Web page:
DSCN3438 (1)Before I stitched the first penguin together, I crocheted the next penguin in the colony. This time the penguin would have a gray body with a white belly spot and yellow feet and beak. Once again, I cut and tied the color changes in the head and now the body. If you look closely at the pictures, you will see a small “birth mark” on this penguin’s belly. I miss counted and did not notice my mistake until a couple of rounds later after several cut and ties were completed, and I did not want to undo all my work to fix that one stitch, so I am calling it a birthmark. It adds character to the penguin and in no way decreases his cuteness. Soon enough, I had all the pieces for the second penguin crocheted and ready to stitch together.

DSCN3436 (1)I picked up the yarn to start crocheting the next penguin in the colony, but then I decided to complete the first two penguins, whose pieces were already crocheted up, before starting another. The stitching together of these penguins was much easier than the stitching together of most my amigurumi’s. Because of the multi colored head, there was no question as to where the eyes were inserted, or where the beak DSCN2730was placed. On the second penguin, I had left a long piece of gray yarn from the head to stitch the head and body together. When I came to the white of the head and the belly spot, the gray stitches stood out badly. I had to stop the gray yarn and start a piece of white yarn to sew the white areas together and then return to the gray yarn to finish stitching the head and body together. On the first penguin, I had left I long black tail for sew from the body. This blended in well with both a gray and the white of the head. The color of yarn I leave for stitching is something I will have to keep in mind when I make amigurumi’s with multicolored heads and bodies in the future.

DSCN3432 (1)Because of the black heads, I stuffed the penguins a little lighter than most of the amigurumi’s I make. Usually, I over stuff my amigurumi’s. They say the stuff settles over time, so to over stuff at first. But, when you’re working with a dark color and white stuffing, the stuffing really shows through as the stitches are stretched by the over stuffing. Although, I really like no stuffing showing through the black stitches of the head, it was very hard for me stop stuffing before I thought the pieces were completely stuffed.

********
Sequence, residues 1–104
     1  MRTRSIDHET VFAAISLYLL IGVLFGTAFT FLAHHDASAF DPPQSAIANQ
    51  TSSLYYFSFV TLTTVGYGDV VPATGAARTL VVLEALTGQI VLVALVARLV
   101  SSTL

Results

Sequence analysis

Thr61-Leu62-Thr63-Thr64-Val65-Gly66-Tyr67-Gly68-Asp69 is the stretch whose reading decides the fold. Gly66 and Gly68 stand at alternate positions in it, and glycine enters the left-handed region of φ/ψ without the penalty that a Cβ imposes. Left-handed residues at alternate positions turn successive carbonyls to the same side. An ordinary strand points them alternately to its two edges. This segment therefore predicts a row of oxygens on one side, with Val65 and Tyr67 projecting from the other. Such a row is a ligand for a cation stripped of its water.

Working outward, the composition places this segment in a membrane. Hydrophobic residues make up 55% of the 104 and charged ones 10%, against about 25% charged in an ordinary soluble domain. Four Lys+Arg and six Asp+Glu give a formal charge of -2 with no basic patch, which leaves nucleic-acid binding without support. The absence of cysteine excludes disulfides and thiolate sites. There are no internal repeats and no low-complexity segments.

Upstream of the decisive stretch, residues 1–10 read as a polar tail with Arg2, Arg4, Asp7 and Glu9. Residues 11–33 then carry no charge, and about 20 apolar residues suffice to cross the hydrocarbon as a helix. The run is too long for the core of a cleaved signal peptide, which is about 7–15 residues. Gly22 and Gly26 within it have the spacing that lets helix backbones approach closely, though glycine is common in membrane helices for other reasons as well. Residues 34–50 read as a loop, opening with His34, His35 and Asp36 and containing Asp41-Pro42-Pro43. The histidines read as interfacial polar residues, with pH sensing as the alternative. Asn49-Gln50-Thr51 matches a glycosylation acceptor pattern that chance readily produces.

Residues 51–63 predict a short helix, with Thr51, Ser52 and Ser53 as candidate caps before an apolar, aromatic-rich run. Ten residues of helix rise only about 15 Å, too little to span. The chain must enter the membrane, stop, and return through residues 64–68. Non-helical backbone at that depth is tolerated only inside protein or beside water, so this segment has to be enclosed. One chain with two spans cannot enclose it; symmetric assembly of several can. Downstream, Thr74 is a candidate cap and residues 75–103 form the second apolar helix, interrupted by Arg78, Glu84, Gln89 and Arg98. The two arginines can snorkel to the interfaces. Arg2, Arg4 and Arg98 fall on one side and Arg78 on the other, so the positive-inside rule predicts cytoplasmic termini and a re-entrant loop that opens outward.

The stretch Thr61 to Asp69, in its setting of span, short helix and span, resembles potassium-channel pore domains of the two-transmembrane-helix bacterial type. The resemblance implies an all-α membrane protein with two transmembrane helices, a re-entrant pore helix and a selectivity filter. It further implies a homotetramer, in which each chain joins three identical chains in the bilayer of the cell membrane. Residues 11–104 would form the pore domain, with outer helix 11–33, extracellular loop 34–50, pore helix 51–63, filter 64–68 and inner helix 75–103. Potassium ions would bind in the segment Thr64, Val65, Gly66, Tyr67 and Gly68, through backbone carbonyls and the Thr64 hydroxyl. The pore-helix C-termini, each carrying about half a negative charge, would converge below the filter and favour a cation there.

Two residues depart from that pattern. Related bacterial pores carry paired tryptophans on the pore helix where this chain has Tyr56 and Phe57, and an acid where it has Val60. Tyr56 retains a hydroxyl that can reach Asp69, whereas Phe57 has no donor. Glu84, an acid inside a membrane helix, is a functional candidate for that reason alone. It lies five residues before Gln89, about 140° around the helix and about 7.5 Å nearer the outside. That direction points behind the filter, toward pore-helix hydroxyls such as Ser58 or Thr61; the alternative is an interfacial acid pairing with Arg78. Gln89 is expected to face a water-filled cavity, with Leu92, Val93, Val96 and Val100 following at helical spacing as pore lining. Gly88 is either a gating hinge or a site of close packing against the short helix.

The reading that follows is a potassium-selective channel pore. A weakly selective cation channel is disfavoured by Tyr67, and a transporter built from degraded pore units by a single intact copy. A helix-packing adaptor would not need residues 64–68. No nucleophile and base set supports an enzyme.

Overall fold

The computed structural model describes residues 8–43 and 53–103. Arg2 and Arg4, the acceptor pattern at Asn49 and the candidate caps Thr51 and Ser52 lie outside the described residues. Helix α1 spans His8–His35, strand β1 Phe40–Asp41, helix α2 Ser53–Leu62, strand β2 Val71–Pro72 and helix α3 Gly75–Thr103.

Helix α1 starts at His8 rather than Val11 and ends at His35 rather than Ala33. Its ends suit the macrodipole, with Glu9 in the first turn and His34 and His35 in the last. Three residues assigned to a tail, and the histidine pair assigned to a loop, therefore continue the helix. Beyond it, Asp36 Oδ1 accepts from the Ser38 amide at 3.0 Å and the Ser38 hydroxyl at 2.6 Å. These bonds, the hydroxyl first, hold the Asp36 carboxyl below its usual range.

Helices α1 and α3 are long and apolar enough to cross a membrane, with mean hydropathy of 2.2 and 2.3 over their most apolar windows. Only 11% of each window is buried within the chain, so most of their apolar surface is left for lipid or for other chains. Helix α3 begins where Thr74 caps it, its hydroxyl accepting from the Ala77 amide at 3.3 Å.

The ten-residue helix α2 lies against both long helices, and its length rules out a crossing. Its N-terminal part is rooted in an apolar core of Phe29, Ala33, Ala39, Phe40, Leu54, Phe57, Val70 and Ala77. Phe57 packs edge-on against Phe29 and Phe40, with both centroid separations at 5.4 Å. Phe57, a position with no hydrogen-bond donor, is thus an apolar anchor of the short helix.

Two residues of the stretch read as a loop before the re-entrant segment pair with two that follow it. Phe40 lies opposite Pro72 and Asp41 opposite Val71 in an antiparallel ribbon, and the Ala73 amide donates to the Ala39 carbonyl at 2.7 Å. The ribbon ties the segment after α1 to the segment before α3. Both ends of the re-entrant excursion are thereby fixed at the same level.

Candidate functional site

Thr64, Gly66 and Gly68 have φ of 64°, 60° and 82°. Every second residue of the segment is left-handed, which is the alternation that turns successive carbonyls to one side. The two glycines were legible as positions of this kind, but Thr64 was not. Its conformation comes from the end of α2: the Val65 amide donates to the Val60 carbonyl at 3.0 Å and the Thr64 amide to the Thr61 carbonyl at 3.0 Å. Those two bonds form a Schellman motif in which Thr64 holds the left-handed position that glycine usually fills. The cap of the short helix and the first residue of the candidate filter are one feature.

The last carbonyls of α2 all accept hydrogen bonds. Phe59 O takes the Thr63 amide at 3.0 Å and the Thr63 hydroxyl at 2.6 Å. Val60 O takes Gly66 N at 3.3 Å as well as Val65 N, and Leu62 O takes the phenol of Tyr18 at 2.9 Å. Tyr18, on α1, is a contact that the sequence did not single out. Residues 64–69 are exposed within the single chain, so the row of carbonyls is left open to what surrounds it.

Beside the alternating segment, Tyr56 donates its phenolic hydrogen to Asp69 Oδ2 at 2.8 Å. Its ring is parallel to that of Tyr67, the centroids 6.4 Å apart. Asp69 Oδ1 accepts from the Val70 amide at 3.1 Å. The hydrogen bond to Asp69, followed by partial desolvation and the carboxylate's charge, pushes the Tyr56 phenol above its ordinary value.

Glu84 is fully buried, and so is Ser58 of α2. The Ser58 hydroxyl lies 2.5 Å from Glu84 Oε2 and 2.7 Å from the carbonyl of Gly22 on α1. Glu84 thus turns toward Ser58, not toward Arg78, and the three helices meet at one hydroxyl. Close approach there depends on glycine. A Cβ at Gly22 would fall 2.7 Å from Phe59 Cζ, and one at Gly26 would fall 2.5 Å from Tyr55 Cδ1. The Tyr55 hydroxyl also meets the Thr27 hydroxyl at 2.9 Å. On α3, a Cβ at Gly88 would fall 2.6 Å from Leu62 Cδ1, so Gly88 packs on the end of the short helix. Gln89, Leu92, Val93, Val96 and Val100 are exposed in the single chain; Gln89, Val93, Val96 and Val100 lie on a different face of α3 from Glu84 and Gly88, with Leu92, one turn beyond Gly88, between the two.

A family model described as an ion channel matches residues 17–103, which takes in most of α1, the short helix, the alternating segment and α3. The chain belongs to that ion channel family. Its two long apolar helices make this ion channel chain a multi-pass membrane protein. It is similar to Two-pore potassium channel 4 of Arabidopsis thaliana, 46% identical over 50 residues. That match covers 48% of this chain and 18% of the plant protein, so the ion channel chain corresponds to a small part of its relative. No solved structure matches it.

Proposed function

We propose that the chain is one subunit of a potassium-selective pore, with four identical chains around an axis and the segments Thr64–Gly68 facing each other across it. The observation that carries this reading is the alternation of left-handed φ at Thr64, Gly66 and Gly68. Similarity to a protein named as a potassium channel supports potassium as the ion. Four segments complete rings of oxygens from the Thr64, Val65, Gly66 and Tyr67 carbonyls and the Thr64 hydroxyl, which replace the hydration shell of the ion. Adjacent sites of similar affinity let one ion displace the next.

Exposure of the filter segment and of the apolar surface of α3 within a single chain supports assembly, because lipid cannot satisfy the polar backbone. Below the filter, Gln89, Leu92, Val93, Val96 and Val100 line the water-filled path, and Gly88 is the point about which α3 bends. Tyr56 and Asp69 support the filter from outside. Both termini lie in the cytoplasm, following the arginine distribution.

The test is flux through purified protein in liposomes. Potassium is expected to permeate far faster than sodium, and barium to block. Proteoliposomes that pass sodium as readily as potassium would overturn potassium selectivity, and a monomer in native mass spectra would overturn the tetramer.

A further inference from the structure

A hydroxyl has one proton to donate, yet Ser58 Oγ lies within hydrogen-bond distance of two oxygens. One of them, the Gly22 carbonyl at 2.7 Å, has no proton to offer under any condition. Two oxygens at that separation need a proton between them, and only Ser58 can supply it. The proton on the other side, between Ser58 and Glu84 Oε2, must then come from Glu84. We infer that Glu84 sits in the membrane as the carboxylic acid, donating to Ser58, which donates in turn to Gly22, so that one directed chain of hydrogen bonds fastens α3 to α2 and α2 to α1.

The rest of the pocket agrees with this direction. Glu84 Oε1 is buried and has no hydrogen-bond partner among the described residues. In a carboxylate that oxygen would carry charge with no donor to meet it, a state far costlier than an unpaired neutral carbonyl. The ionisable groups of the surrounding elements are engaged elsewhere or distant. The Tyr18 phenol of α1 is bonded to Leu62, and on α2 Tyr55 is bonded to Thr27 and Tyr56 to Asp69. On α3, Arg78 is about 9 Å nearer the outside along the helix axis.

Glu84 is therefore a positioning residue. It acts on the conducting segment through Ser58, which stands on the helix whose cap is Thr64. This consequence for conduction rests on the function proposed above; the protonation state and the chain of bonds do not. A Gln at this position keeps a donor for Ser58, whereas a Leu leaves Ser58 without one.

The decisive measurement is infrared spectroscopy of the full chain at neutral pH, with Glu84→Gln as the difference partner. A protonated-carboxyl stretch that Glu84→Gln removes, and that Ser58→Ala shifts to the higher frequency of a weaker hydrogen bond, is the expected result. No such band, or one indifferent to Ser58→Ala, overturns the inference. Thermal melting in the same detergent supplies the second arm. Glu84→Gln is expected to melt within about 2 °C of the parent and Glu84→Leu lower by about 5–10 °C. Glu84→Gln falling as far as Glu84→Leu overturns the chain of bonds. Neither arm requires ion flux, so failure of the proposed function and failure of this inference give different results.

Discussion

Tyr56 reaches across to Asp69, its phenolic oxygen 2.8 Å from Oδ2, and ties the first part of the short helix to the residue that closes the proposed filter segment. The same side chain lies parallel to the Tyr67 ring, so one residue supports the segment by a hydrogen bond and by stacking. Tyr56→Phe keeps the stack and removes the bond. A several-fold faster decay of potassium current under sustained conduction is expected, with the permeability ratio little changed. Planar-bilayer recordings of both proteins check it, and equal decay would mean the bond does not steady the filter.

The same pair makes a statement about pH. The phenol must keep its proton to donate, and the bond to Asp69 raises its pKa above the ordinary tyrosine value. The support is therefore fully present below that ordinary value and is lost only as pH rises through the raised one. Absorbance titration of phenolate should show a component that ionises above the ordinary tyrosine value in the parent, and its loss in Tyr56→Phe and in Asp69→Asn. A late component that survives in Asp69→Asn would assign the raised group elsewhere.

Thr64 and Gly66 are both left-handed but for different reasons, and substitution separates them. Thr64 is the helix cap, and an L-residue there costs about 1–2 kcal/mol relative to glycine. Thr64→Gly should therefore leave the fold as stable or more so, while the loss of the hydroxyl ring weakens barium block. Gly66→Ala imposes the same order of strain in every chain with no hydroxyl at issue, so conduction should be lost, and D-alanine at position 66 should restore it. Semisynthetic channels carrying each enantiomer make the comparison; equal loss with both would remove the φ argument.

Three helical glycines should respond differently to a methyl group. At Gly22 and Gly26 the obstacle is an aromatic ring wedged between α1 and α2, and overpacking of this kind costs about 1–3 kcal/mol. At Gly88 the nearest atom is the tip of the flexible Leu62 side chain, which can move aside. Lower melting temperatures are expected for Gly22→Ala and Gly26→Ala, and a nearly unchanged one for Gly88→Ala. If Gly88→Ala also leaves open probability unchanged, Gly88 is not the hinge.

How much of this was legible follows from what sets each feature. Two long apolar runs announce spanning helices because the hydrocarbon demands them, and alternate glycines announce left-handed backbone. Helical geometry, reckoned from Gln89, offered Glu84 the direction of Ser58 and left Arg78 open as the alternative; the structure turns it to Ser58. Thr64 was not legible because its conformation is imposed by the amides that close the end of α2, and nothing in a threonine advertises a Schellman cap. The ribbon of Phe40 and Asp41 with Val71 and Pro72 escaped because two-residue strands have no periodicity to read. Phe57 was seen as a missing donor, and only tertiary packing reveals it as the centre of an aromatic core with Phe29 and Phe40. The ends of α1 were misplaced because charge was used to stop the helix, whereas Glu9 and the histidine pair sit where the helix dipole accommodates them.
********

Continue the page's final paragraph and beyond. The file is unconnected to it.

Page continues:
DSCN3434 (1)Feeling his head now that he is stitched together, I wish I had added just a little more stuffing to the first penguin’s head, especially in the back, but the second penguin is stuffed just right. The husband likes the less stuffing. I explained to him about the stuffing settling over time, but he still said that he liked the lighter stuff and he felt that the penguin’s still had enough stuffing to withstand the settling and a lot of be played with. It will be interesting to see if that turns out to be true or not.

DSCN3433 (1)With these two penguins completed, I picked up the yarn for the next penguin in the colony and asked the husband what color beak and feet I should crochet for this penguin and should it have a belly spot or not. The husband rolled his eyes and reminded me about all the fun patterns I have yet to crochet. And, he was right, I had already made this pattern, twice, and it was fun and the finished amigurumi’s were just adorable but other just as fun patterns are waiting in the wings.

I quickly named the two penguins Pepper and Piper and they are now waiting for a good home to go and live at.

I have tucked this pattern close to the front of my crochet pattern stash, and if and when the day comes that I want to complete the penguin colony or I just need a fun and simple amigurumi that turns out super cute, I know which pattern to reach for.

Until then, crochet forth and colony on!

Doubling the Edge

dscn0498dscn0527On one of my journeys into the stash, I ran across two fleece blanket kits that I had purchased on clearance many years ago. “Why had I purchase these?” I wondered to myself. A John Deer Blanket? A Christmas Blanket? “What was I thinking?”

Well I will tell you what I was thinking, they were cheap and they were fleece and they were blankets and I needed them to live in the stash. But alas, their time had finally come. They would no longer just live in the stash. They were blankets and since it would soon be getting cold, they needed to be made into blankets and used as blankets. I would not be keeping these blankets once they were made. They needed to go to a good home and to live with someone who needed a blanket. And even though they would be leaving, I would still get the pleasure of transforming them from a kit in to a useable blanket, and that is the real reason of why I bought them.

dscn0506Prepping the fleece was the first step in this adventure. At first I thought about making 4 single layered blankets from the two kits, but then I decided to make the kits just as they came and to make two double layered blankets. Because I wanted to crochet around the blankets instead of just cutting and knotting the edges, I had to attach the two layers together before I could use the skip stitch blade to make my edges to crochet.

Sewing the wrong sides together and turning the blanket, like I would if I was using flannel, would have given me too bulky of a seam with the 4 layers of dscn0528fleece along the edge. And I did not want that bulky edge.